• And wool socks.

Once you get to the hill, the people helping you should have enough experience to guide you through the rest.

Overdeliver: Here are links to get you started, if you’re in the USA:

How to Date a Paraplegic

Or someone in a wheelchair

Reading time: 2 minutes

People in wheelchairs are just that – people (mostly sitting down).

Think of someone you love, as a friend or otherwise, that isn’t in a wheelchair. Imagine them sitting down. Same thing. This is similar to what I wrote here.

This logic doesn’t apply to everyone in a wheelchair, but for myself, that’s how I think of it.

The largest caveat is that someone in a wheelchair will need more physical. The amount of help will vary to each person’s physical and mental limitations.

To date someone in a wheelchair is not so different from someone not in a wheelchair. There is an added level of complexity when it comes to things such as traveling, sex, going for long walks on the beach, living in a house, and most actions in the physical world (none are impossible).

Beyond that, if you’re able to help with that and laugh at some awkward moments together, then the relationship will be much like any other – loving and supportive.

Immediate actionable items: Nothing, just continue breathing.

Summary: Dating someone in a wheelchair, paraplegic or anything else, is not so different from any other relationship. When it comes to love, it becomes more about the person and less about a little limitation.

Overdeliver:  This can actually be a hard perspective for some people in wheelchairs. It’s harder to avoid an inferiority complex if you’ve been in a wheelchair your whole life or if the person is generally pessimistic. Because I’ve had nearly all my life and experiences out of a wheelchair, it’s easier to have this perspective.

Paraplegic Gear/Tools of the Month: Winterize Your Car

Reading time: 1 minute

For this month, the problem we face is getting into the car after going through snow or rain. No matter which way you put your wheelchair in the car, the wet wheels can be a mess.

Not ideal if you have a nice car or like to keep your car nice.

The solution is not entirely cheap, but wholly worth it.

WeatherTech All-Weather floor mats. These are what I have in my car and I never think twice about putting the cinder covered wheels in my car.


As an overdeliver, I also advise having a rag you don’t care about getting mighty dirty. For when you go to a mates house, you can wipe off your wheels and not get their whole house a mess.

A Big Issue: Allow People to Be Impressed

Reading time: 2 minutes

Then, they asked me if I drove here. A question I have come to expect, or something like it, in all first conversations.

I tell the truth, that I did drive here, and that I can drive. The response is some form of praise.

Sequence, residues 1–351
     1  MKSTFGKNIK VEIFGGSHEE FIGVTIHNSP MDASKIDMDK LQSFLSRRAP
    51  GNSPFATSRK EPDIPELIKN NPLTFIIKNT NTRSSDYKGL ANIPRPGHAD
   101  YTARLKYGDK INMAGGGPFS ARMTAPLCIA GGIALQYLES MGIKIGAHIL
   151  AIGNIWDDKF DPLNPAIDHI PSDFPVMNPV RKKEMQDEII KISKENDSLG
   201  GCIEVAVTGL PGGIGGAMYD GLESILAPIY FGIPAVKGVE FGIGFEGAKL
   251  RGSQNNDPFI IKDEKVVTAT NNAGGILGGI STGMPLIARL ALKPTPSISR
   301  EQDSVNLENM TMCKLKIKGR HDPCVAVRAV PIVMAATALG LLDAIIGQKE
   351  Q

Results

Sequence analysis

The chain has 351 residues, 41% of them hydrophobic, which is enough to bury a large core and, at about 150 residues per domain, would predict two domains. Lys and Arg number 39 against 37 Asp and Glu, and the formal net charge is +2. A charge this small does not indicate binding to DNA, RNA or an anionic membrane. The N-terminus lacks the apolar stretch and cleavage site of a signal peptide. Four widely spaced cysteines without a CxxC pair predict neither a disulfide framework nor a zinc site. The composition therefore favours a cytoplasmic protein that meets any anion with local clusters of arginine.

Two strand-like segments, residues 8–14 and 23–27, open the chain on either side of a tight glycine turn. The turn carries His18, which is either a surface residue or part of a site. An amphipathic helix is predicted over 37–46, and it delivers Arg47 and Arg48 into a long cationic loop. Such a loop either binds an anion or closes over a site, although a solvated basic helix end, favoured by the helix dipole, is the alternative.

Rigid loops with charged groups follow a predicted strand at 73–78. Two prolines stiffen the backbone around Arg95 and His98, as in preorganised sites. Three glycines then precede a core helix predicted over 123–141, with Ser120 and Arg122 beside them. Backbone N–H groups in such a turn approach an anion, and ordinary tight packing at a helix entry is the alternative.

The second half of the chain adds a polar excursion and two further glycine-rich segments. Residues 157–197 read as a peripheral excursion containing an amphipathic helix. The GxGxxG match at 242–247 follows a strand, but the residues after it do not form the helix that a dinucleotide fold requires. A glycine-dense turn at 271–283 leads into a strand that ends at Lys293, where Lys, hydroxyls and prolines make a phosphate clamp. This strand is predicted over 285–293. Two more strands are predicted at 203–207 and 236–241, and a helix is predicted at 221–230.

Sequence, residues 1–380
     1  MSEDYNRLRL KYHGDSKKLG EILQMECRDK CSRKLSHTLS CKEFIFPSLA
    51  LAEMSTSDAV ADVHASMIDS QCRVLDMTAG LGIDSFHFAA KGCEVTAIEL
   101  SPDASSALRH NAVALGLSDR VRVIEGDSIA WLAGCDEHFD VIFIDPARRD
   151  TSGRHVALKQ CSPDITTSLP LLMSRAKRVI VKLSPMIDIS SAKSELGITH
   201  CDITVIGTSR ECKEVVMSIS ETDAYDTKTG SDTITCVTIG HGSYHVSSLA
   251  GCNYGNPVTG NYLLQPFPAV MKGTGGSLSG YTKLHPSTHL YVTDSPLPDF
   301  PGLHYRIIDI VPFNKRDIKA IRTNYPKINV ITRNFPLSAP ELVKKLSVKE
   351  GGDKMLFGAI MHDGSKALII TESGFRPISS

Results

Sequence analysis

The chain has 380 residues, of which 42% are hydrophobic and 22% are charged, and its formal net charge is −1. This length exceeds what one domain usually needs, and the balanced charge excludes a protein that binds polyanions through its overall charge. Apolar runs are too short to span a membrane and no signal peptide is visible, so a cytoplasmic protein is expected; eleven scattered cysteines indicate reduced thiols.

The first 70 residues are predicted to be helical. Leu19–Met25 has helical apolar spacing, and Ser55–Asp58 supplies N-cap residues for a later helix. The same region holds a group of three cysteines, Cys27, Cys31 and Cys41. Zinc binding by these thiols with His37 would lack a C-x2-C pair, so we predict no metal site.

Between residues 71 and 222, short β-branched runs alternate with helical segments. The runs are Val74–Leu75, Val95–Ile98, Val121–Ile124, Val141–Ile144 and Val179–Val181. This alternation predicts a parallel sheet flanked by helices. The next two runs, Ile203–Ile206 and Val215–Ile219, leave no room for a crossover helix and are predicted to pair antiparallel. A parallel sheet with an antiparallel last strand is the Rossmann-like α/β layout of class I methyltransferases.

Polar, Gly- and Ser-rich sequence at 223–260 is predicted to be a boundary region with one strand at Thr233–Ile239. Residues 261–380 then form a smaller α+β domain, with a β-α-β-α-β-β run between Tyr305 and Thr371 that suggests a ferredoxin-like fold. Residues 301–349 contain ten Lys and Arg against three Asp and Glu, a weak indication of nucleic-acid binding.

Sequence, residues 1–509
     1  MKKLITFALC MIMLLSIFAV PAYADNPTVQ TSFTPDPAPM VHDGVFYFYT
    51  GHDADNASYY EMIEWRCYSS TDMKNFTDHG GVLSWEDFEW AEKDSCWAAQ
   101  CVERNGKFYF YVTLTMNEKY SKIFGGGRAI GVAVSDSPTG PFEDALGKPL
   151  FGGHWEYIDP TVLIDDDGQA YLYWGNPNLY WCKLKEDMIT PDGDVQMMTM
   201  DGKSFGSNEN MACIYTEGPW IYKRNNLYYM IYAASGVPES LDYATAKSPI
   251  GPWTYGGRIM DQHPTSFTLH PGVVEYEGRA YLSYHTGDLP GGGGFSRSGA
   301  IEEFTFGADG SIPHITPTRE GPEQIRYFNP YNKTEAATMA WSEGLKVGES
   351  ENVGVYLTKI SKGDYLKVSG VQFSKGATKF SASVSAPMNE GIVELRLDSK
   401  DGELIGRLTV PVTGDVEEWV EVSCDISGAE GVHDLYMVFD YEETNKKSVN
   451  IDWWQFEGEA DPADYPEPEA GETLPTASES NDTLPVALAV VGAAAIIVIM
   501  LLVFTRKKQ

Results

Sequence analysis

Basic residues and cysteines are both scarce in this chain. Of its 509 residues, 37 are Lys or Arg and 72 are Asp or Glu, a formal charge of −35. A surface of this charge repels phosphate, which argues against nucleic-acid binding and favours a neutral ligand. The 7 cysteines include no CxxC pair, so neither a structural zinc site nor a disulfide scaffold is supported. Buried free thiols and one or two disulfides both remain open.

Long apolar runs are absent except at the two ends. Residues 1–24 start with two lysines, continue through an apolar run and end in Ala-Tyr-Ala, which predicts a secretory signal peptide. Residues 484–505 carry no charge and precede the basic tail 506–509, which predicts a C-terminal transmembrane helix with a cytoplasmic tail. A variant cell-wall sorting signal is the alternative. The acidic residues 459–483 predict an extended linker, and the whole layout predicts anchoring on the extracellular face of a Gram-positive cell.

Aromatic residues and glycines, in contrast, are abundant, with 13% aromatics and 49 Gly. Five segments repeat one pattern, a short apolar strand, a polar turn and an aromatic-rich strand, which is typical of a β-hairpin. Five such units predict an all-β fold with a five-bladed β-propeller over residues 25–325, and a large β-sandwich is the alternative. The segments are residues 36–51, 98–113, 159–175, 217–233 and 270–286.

I was once in a facebook group of people in wheelchairs, which could be useful for you, and most people in the group are optimistic. A few times when going through posts, I would see people complaining about others being easily impressed with them.

If you’re reading this and get irritated by heaps of compliments for mundane tasks, keep reading.

I can understand the perspective, which is getting irritated that people assume so little of those in wheelchairs that the slightest show of independence is a phenomenon.

That’s wrong. It could be an accurate description of the spectator’s perspective, that they assume little, and actions like opening a door are impressive. Getting insulted by that is a true lack of wisdom, thinking beyond the ego, or basic empathy – pick one.

The truth, or closer to it, is that the person who is impressed is, first, expressing their respect and admiration, which should be reciprocated with gratitude.

Second, it’s not necessarily that people’s premonition is that you can’t drive on your own, but they don’t suspect they could. It’s also possible that they know someone in a wheelchair who sulks and does literally nothing, which would have you opening a door seem revolutionary.

It’s all about being capable of understanding other’s perspective. It’s not easy to do, and if you can’t or don’t care to do it, at least don’t get mad about a compliment (and then complain online for me to see).

Immediate actionable items: Go give three genuine compliments.

Summary: I’ve read complaints from people in wheelchairs about getting complimented on being able to do little things. I understand why they get frustrated, but it’s not right because they’re only considering their own perspective.

Overdeliver:  To better understand other’s perspective, which is empathy, read some books about psychology. I’m sure there’s a book about perspectives somewhere.

How to Find an Accessible Company for Paraplegics

Or anyone in a wheelchair or with a disability

Reading time: 1 minute

Finding a job is said to be hard. I don’t think that’s entirely true.

However, when it comes to finding a job that can properly employ someone with a disability, more specifically someone in a wheelchair, then finding a job can be difficult.

I’ve mentioned before [insert link to blog] that the people and culture are very important. No less important is the actual accommodation.

Here, from an organization I am quite involved with, is a list of ranked companies for accessibility.

Introducing Disability IN and their Disability Equality Index

This is just a screenshot of half of the 100%. There is also a 90% and 80% category.

Note that this doesn’t mean a company is inaccessible if it’s not on the list, but that the ones on this list here do very well.

Also, this only concerns the United States of America, which is arguably the most accessible country on Earth. Some of the mentioned companies are global, so look for whichever ones are around you.

Immediate actionable items: If accessibility is a criterion, research these companies and see which ones you could potentially work at.

Summary: Disability IN is an organization with a lot of resources, including the Disability Equality Index (DEI) that will show you how accessible companies are.

Overdeliver: If you’re in college or a recent graduate and within the STEM field, look into the NextGen Leaders program.